Home > Faith, Religion, Worship > Eh…worship. What about it?

Eh…worship. What about it?

What is it exactly? Everyone has their own opinions particularly built upon personal experiences, traditional values or emotional intimacy. One person, in particular, find worship to be a two hour version of “Doxology” along with three alter-calls to make sure “we got all of ’em” (true story). However, I believe that worship is a beast that is hard to tame, or even try to define it; but, worship is something that I have been questioning lately.

Personally, I been a worship leader longer than…well, I ‘ve probably been a Christian, so I feel as though I have a pretty hefty foot in the door when it comes to the conversation of, “What is worship?” I been a part of many experiences in worship such as:

1. Two high school students leading worship for a youth group while only having one acoustic guitar between the two of them, and each one only knowing 2 songs.

2. 2 years of touring coffee shops in Texas, cutting two CDs, and asked to step aside from a gig because someone better came into town.

3. The emotional roller coaster and over-demanding, opinionated youth pastors during church camps.

4. Leading worship bands full of untalented middle/high school musicians/singers, with big hearts for the Lord (and big egos).

5. Adult contemporary Christian music cover band. Thank you Michael W. Smith for your contribution to the Christian music world.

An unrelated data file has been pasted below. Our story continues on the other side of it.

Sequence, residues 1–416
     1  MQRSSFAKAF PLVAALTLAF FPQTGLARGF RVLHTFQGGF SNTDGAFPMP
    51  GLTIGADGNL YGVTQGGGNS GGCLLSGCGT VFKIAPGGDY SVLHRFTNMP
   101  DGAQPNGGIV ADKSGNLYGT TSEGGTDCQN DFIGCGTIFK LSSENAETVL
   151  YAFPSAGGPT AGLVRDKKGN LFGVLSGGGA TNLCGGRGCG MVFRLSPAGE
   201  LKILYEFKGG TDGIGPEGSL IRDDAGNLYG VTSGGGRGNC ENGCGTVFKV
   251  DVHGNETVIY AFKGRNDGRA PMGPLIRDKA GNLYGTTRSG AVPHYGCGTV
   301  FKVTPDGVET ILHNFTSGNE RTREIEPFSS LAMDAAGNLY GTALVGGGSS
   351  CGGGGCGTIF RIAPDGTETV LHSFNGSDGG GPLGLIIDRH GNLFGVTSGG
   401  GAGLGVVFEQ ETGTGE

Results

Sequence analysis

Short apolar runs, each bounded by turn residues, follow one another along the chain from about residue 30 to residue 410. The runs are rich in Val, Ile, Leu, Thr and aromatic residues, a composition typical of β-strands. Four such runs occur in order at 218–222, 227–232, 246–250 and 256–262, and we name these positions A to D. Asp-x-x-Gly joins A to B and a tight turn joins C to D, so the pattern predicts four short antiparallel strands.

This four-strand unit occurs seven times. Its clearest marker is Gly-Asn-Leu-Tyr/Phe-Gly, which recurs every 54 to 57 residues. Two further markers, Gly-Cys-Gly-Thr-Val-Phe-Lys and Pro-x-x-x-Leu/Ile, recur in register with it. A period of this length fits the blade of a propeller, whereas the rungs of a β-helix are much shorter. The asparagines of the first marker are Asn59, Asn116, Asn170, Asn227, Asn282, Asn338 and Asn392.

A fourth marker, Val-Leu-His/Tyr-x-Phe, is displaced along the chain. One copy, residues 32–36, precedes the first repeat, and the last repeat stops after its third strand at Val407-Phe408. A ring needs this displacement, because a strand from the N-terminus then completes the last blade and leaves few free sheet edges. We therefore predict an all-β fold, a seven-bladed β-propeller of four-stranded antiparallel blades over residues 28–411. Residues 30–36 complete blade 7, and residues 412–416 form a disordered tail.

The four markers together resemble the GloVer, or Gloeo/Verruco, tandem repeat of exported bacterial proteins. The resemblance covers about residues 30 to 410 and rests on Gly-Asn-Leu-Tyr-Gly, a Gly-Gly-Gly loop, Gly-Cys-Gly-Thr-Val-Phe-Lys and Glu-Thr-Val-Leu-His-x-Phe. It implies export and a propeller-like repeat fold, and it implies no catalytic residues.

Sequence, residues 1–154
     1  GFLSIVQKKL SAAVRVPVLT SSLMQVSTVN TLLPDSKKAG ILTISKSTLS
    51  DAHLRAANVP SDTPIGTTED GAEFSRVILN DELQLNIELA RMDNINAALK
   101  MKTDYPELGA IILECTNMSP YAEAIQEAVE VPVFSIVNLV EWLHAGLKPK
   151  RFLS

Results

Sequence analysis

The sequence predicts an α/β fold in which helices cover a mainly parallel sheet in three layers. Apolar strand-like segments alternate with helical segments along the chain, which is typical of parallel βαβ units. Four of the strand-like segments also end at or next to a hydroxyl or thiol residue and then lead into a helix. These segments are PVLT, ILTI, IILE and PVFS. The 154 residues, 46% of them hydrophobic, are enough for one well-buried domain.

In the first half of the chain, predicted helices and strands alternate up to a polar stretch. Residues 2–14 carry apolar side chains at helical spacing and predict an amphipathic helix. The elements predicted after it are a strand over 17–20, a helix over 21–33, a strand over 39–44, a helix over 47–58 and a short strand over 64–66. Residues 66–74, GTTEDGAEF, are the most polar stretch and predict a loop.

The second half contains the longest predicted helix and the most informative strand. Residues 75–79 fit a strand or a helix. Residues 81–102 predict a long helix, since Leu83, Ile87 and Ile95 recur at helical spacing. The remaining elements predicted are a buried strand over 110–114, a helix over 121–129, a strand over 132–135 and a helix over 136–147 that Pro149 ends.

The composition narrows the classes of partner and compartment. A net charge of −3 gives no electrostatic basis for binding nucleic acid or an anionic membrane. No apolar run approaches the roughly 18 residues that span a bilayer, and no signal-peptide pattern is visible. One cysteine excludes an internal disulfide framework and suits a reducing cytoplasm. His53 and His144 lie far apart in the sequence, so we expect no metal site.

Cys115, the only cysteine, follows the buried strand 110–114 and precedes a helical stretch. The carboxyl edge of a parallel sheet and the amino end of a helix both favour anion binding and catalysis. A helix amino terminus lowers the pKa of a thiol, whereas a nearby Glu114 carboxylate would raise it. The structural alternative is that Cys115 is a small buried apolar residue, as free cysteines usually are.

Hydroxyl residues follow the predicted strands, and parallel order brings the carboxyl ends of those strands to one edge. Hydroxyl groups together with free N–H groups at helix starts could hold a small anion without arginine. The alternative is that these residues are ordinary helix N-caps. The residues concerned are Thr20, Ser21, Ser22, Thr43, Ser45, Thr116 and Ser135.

6. Cultivating and integrating electronic/techno music into the Sunday morning church worship service.

7. Being asked not to come back to lead worship during the Sunday morning church worship service.

8. Creating and producing a techno Christian music CD.

9. Leading the congregation in an instrumental rendition of “Santa Claus is coming to town.”

10. Playing harmonies to “Heart of Worship” with a trumpet.

11. Trying to remember how the words, melodies and choruses go as the band plays the intro 4x longer as it is written.

And still, to this day, I find myself on a stage on Sunday mornings and Wednesday nights asking people to join with me in song and hopefully, somewhere in the words and music encounter Jesus and have their life changed by his presence. It’s an interesting beast, worship. But I can only speak for myself  (as my wife pointed out to me so non-gently).

See, many years ago I found that I had developed a technical ear that overpowers an intimate heart. For a musician, worship (on Sunday mornings) is 80% performance and 20% hope, at least this is the case of me. There is preparation, decisions on what song fits with the sermon, listening to what’s popular on the radio, chord-charts, practices, run-throughs, a change in the song set when the pastor doesn’t like a particular song, making sure the sound boards is done right, amps, monitors, drumers, power points, lights, changing the song again when you find it is written for a girl,  sound, tuning, telling the other band mates their out of tune…and so on, and so on.

“Five minutes till the service starts,” the pastor says, and your expected to take hundreds of people who have fought to get to church with all three of their children, act as though life is okay when asked how things are going by an elder, and downing their fourth cup of coffee to take the edge off, and then, usher them to the throne of God in worship. At this point, the 80% of performance began with the set list, but the 20% of hope steps in and says, “I hope we don’t screw this up.” (That is usually the prayer the banding is offering when huddled around the drums before playing a note)